What should the U.S. do about ISIS? Stop seeking quick wins

Editors’ Note: This piece originally appeared as part of an experts’ discussion published in the National Journal.

National Journal Staff: The past few years have seen the official conclusions of the U.S. wars in Iraq and Afghanistan. But the United States had no time to breathe a collective sigh of relief before the rapid advances of ISIS (the Islamic State in Iraq and Syria) were presenting us with another political, ideological, possibly military quandary in the Middle East. How should the United States respond? We asked leading foreign policy intellectuals to propose their best answers.

Shadi Hamid: In the war on ISIS, the Obama administration has so far offered what can only be described as a containment strategy. That’s fine, as far as it goes. But if the goal is to defeat ISIS (not destroy it—that’s likely impossible), then there remains a striking mismatch between means and ends. Our ISIS strategy is oriented around short-term calculations and the desire for quick wins—not recognizing that quick wins, when we manage them, are both tainted and unsustainable. Even our victories in the Middle East, as few and far between as they have been, aren’t quite victories.

A major problem since ISIS took Mosul in June 2014 has been the so-called “Iraq first” approach, which essentially postpones any serious reckoning with ISIS gains in Syria. Both ISIS and Shia militias treat Iraq and Syria as a combined theater. Not doing so ourselves puts us at a profound disadvantage.

The United States has allowed itself to get stuck in a circular loop in Iraq: The more ISIS gains, the more the Iraqi government relies on Shia militias. And the more Iraq uses militias, the more Sunni support ISIS gets. Breaking the cycle requires thinking beyond how quickly Ramadi or Mosul can be recaptured; instead, we should be formulating policies that are effective in the medium to long run, even if they may not bring the rapid gains that domestic public opinion is demanding.

The most obvious component of any revised strategy is matching the focus on Iraq with something comparable in Syria. This would require a financial commitment well beyond the $500 million currently allotted for training 5,000 rebels, a tiny number in a theater of more than 100,000 fighters. The unrealistic hope that these U.S.-backed rebels would focus almost entirely on ISIS and ignore the Assad regime points to what has long been the gaping hole in the administration’s Syria policy. At some point, if the United States and its partners ever do get around to training a significant number of fighters, they will inevitably clash with the Assad regime (which most in the Syrian opposition see as either an equal or greater threat than ISIS). At that point, the rebels will require air support against Assad, in the form of no-fly or no-drive zones. Is that something the United States is willing to commit to?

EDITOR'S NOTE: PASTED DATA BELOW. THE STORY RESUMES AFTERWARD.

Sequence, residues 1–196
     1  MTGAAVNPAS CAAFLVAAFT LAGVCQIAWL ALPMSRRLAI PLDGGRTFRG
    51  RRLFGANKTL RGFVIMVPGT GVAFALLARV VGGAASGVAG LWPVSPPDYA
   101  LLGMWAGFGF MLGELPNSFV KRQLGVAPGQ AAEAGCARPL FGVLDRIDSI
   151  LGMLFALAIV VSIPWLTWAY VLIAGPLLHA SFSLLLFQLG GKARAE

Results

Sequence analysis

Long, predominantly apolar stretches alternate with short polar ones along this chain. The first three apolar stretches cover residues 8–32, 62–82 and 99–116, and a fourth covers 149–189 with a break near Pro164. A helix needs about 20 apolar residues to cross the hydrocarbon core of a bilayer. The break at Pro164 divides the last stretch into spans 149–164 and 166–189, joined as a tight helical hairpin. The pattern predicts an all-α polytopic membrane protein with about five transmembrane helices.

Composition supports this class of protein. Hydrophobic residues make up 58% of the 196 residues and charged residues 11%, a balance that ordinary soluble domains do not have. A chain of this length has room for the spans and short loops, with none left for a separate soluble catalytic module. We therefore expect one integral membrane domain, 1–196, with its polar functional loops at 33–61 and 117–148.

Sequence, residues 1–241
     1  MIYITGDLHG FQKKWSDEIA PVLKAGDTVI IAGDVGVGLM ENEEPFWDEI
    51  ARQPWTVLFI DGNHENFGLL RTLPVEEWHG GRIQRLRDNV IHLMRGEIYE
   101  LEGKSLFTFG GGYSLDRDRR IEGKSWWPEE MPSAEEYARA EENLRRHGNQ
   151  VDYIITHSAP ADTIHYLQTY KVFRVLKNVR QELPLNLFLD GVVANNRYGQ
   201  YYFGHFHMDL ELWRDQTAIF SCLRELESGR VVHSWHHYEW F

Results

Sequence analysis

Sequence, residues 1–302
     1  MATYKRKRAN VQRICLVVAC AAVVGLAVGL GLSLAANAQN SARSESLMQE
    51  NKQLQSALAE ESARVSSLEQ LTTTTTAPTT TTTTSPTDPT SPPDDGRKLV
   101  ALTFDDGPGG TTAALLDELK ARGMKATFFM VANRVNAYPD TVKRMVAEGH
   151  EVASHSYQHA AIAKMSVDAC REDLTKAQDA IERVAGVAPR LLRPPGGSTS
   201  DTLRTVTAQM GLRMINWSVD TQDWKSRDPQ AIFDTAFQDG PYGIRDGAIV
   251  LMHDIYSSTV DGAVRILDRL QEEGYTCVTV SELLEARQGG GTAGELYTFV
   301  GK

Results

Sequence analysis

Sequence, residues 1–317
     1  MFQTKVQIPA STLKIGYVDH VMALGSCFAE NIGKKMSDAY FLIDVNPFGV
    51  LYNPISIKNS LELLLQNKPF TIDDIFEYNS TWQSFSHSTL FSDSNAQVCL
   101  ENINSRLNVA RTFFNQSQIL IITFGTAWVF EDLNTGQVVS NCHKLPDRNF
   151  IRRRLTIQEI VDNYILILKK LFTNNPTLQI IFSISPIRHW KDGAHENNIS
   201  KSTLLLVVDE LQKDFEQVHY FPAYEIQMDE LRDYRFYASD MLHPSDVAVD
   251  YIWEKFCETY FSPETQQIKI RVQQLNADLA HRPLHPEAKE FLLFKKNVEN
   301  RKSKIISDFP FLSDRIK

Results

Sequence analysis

Beyond Syria and Iraq, the basic assumptions of our ISIS strategy need to be rethought. As long as the Middle East has both failing states and strong, brutal (but brittle) states, ISIS and its ilk—or something like it—will exist. It’s no mistake that ISIS is the dominant opposition force in the two countries riddled by civil war: ISIS’s brutality is at least in part a function of what were already extremely brutal contexts.

U.S. strategy must address governance deficits not just in Syria and Iraq but also in Yemen, Libya, and even more “stable” countries, such as Egypt. Even if we don’t want to talk about “democracy”—increasingly a bad word in Washington discourse—the fact that our closest allies in the war against ISIS are among the region’s most repressive governments should give us pause. The closing of democratic space, the marginalization of peaceful opposition, and the lack of a real conception of citizenship all fuel extremism. The failure of politics and the seeming effectiveness of brute force—which, in a sense, is the story of the Arab Spring—has made ISIS’s message more appealing, including among those who otherwise abhor its heterodox take on Islam and Islamic law.

For policymakers under the day-to-day pressures of dealing with various Middle East crises, the short term will invariably take precedence over the long. But that doesn’t mean that there can’t be a better balance between the two—as well as a more honest appreciation of the trade-offs of tactical gains that may end up, in due time, undermining our efforts to deal ISIS a decisive blow.